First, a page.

Not much to say on the packaging. This is the first item I’ve ever purchased from Marvel Select, but I’ve browsed their products many times in shops over the years. Pretty much the same across the board: cardstock with a bubble displaying the figure along with accessories. I do believe MS tends to use larger bubbles for larger characters (e.g. Thanos, Hulk, Thing, or the equally recently released Rhino) but for Venom they are using the standard card and bubble.
Behind the figure and along the sides of the packaging are illustrations showing off the different artistic representations of Venom through the years. On the back are stock photographs displaying the figure’s prototypes along with the ‘also availables’: Barbarian Hulk and the previously mentioned Rhino.
I’m old enough now to remember things from almost fifteen years ago as “back in the day” and in this instance it is of the early rumblings of what eventually became Marvel Legends in the form of Toy Biz’s Spider-Man Classics line. Intending to prove that you didn’t have to sacrifice articulation for a high end sculpt, that first wave featured the Eddie Brock Venom – but there were things not quite right with the final result. Lacking a lot of articulation in comparison to the rest of the line, he was also in mid-transformation, with a headsculpt that many likened to a duckface. Toy Biz tried again two more times: once again in the Spider-Man line, and later on in the Marvel Legends Fearsome Foes box set, both attempts being hampered by poor sculpting choices.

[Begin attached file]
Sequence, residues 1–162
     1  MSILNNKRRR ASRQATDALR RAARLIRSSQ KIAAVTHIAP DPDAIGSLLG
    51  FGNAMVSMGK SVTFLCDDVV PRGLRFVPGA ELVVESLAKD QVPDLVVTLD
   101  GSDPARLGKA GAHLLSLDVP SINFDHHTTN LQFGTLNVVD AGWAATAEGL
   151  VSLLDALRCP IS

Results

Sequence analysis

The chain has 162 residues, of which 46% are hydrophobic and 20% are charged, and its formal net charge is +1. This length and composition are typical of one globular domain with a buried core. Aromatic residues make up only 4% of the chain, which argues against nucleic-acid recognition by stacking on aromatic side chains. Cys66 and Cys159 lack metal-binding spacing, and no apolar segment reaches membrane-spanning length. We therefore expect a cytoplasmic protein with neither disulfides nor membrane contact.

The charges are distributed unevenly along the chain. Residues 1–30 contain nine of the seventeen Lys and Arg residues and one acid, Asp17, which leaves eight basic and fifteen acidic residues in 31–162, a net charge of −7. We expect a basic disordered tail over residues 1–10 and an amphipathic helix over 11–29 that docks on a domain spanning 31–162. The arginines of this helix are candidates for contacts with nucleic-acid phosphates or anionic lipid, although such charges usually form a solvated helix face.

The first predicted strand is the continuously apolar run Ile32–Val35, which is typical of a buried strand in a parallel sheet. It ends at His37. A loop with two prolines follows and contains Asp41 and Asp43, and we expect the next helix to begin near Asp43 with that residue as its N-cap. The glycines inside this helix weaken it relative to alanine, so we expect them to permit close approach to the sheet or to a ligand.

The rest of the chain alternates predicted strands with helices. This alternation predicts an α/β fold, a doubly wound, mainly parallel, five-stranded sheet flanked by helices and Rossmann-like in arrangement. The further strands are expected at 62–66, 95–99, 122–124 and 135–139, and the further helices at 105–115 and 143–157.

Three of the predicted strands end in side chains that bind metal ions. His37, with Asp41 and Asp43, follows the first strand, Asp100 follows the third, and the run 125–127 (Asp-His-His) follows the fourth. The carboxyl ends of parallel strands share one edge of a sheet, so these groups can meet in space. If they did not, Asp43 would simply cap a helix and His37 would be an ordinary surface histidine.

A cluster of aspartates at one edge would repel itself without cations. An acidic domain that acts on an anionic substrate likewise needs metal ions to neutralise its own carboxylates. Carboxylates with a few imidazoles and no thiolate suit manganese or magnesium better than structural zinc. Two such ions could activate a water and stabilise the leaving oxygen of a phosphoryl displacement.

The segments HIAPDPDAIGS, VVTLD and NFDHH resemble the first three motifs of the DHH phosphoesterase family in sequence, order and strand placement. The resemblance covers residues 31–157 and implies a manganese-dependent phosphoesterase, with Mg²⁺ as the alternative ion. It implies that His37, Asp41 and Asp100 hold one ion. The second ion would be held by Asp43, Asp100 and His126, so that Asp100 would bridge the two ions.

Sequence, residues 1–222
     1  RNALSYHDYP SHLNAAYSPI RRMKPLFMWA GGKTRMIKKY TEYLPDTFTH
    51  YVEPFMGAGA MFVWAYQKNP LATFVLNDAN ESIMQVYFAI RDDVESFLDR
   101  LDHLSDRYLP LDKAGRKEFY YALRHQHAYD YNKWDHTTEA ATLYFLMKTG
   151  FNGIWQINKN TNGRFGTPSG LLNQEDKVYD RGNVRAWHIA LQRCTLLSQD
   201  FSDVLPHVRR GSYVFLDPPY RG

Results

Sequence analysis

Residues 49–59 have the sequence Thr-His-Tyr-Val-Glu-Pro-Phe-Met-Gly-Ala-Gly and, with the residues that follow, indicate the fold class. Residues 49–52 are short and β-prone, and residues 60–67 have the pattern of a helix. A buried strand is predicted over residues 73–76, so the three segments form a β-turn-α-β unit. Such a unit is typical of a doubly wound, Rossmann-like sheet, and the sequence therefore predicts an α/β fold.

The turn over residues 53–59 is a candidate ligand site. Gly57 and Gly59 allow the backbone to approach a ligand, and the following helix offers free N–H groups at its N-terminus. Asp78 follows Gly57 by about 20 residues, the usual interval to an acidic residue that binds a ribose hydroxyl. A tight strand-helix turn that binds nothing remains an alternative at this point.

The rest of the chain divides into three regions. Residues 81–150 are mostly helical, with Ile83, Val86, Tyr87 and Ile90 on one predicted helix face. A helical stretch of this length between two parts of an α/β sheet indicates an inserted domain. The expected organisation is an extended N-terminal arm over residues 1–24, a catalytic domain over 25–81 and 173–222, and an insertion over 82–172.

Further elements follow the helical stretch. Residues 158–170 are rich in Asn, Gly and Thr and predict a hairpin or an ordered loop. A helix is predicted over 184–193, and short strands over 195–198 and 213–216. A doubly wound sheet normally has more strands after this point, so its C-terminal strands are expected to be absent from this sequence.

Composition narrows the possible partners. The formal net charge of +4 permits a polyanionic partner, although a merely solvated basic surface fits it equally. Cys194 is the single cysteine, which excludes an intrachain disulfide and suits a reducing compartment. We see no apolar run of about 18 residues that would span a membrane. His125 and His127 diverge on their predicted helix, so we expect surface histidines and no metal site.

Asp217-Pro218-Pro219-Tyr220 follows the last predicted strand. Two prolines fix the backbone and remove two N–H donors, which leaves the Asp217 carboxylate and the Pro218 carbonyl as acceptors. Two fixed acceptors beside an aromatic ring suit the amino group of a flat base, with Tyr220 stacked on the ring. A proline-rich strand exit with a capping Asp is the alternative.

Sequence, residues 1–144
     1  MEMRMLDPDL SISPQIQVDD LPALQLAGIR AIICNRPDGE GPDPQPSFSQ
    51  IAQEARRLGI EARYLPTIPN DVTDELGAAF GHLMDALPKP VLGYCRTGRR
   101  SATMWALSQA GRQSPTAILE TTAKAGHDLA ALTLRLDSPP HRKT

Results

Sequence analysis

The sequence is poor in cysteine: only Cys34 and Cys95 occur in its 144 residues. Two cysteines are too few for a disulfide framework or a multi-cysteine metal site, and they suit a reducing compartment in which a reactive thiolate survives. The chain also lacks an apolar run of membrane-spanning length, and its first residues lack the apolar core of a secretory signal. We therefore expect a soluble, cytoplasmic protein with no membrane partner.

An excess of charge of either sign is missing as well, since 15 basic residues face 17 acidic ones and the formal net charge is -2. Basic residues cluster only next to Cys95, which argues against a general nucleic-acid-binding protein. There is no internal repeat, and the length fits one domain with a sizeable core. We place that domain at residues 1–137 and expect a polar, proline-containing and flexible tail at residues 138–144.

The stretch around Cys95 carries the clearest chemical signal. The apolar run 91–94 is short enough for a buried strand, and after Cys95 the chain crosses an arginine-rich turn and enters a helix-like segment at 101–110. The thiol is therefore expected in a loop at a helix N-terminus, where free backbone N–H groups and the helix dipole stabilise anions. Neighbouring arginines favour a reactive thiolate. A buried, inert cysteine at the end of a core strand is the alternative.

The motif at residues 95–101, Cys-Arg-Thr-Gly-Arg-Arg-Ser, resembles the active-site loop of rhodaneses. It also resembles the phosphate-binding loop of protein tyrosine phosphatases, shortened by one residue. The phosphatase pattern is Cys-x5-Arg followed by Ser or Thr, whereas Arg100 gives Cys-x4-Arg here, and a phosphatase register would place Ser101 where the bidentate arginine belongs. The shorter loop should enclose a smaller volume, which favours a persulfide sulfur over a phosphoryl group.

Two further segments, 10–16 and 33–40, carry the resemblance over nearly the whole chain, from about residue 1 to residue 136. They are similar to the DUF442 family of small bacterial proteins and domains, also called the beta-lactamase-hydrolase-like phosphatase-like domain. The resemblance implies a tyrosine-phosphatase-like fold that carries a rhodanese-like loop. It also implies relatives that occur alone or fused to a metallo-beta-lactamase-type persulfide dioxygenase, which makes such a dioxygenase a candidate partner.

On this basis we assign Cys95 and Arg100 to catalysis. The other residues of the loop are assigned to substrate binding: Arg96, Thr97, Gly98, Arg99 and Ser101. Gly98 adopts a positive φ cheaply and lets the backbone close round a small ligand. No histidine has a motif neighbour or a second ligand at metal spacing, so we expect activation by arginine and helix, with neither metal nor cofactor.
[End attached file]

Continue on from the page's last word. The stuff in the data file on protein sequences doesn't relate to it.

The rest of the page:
Ironically, Marvel Select has had enough practice with the character to get it right out of the park. There is no mistake that this is meant to be the Eddie Brock Venom, as the default head is clearly of his very appearance from Amazing Spider-Man #299 as illustrated by Todd McFarlane. A trademark that pinpoints the head as being from Hot Toddy is its bulbous appearance, as well as the wide, toothy smile that only Todd drew while on the title. Jean St. John, a former McFarlane Toys sculptor, gave his old boss’ character some nice detail: rippling veins, a rough texture…there’s a slick quality to the figure that suggests something otherworldly.
MS could have stopped there, but to ensure that fans got what they paid for they included two alternate heads. The second one will probably be displayed most often as it is of a classic Venom: tongue splayed wildly, mouth agape with green liquid coming from who knows where. I’ve heard that this could have been based off of the cover for Lethal Protector #1 by Mark Bagley but I can’t confirm that. The tongue is removable, but be warned that it is a snug fit inside the head. I don’t see myself removing the tongue much so it’s not a huge a bummer.